4. Alexander Zverev (ATP rank 20): A little further down the rankings but with the capacity to make up ground quickly, is the nineteen year-old German Alexander Zverev. He has already won a title this season in Montpellier, taking down the likes of Richard Gasquet and Jo-Wilfried Tsonga in impressive fashion. He also took Rafael Nadal to five sets in the Australian Open third round. He is looking more and more like the finished article. Zverev also has relatively few points to defend at slams (not going past the third round in any last season). If he can improve his ranking to avoid any of the top stars until the Round of 16 before the French, then he must be favoured to go deeper this time. His close match with Nadal suggests he is now ready to compete regardless with the Top 10, and his wins over the likes of Gasquet and Tsonga suggest he can back up good wins. There are few negatives with him he serves big, moves well, and is consistent on both wings. He is not as tour weary as some and has the achievable goal of the Top 10 in his sights.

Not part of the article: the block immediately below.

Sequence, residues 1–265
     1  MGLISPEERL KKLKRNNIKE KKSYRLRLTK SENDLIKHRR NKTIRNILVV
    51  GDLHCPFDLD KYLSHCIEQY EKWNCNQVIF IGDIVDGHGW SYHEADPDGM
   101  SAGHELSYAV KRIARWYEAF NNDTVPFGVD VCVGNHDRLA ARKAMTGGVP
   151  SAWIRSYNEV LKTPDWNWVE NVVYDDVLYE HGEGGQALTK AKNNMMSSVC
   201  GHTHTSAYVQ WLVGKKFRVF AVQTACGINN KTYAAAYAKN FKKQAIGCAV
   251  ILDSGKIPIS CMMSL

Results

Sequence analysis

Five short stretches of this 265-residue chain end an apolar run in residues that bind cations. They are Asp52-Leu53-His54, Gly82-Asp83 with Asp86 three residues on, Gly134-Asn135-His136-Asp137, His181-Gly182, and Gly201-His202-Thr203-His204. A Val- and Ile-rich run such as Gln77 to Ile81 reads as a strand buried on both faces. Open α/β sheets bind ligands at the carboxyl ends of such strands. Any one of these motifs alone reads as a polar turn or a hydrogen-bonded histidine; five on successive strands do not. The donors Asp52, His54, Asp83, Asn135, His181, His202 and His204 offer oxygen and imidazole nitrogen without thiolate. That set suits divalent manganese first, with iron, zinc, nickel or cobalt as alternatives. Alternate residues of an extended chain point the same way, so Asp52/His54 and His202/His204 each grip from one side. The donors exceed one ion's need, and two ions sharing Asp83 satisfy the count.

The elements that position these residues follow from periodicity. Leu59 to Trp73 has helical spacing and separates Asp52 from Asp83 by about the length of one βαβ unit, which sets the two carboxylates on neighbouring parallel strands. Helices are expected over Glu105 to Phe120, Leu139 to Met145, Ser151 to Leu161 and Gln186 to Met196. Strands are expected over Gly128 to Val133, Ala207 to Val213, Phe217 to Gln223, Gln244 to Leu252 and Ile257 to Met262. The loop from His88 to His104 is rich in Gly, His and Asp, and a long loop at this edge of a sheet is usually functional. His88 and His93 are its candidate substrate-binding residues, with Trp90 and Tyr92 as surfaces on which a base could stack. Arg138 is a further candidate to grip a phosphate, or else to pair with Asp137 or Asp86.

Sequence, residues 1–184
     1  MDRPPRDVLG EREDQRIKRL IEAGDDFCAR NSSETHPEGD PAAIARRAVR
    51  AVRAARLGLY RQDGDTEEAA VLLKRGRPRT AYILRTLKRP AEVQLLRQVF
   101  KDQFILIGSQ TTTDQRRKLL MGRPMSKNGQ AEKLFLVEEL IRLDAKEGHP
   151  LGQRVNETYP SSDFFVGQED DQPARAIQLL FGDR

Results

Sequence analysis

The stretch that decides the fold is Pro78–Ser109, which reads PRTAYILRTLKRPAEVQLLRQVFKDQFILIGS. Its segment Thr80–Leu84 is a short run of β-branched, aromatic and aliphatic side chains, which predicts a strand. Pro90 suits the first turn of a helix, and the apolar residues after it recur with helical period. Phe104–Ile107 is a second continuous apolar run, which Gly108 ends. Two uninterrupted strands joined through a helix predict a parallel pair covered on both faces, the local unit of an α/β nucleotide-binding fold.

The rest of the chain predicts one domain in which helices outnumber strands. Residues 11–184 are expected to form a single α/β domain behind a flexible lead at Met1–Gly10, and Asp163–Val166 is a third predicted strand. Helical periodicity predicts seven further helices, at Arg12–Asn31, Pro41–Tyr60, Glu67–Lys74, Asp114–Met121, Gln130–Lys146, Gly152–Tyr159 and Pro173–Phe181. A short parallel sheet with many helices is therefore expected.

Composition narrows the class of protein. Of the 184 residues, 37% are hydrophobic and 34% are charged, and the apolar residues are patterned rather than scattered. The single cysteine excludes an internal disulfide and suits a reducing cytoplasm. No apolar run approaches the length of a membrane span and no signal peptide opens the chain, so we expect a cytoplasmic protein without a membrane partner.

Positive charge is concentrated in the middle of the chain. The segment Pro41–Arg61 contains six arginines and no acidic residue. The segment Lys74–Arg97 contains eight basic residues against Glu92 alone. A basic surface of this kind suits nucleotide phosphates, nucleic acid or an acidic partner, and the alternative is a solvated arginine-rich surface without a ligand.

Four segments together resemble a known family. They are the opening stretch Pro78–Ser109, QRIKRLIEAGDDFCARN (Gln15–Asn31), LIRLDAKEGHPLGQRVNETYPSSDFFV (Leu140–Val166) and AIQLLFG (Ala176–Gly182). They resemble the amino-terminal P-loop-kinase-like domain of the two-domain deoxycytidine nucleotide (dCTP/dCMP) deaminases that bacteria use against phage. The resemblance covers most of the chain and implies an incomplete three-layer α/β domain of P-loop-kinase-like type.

5. Lucas Pouille (ATP ranking 15): Isolated as a young French talent, with most of his compatriots around him in the Top 100 the wrong side of the thirty, Lucas Pouille represents possibly the only French hope of a generation. The French public have much to be excited about though, as at 23, he is perfectly poised to make a run for the Top 10. Incredibly, this time last year he was forced to qualify for the Dubai tournament. As a result, he has few points to defend until the clay Masters, with semi-finalist points to defend in Rome, and a quarter-final to defend at Wimbledon. The Metz title and a US Open quarter-final also account for most of his points, with few deep runs at other tournaments. Pouille already has shown a capability to peak for slams, with two quarter-finals at that stage in 2016. With a more favourable seeding likely this year, and opportunities throughout the year at other events, Pouille looks a strong contender.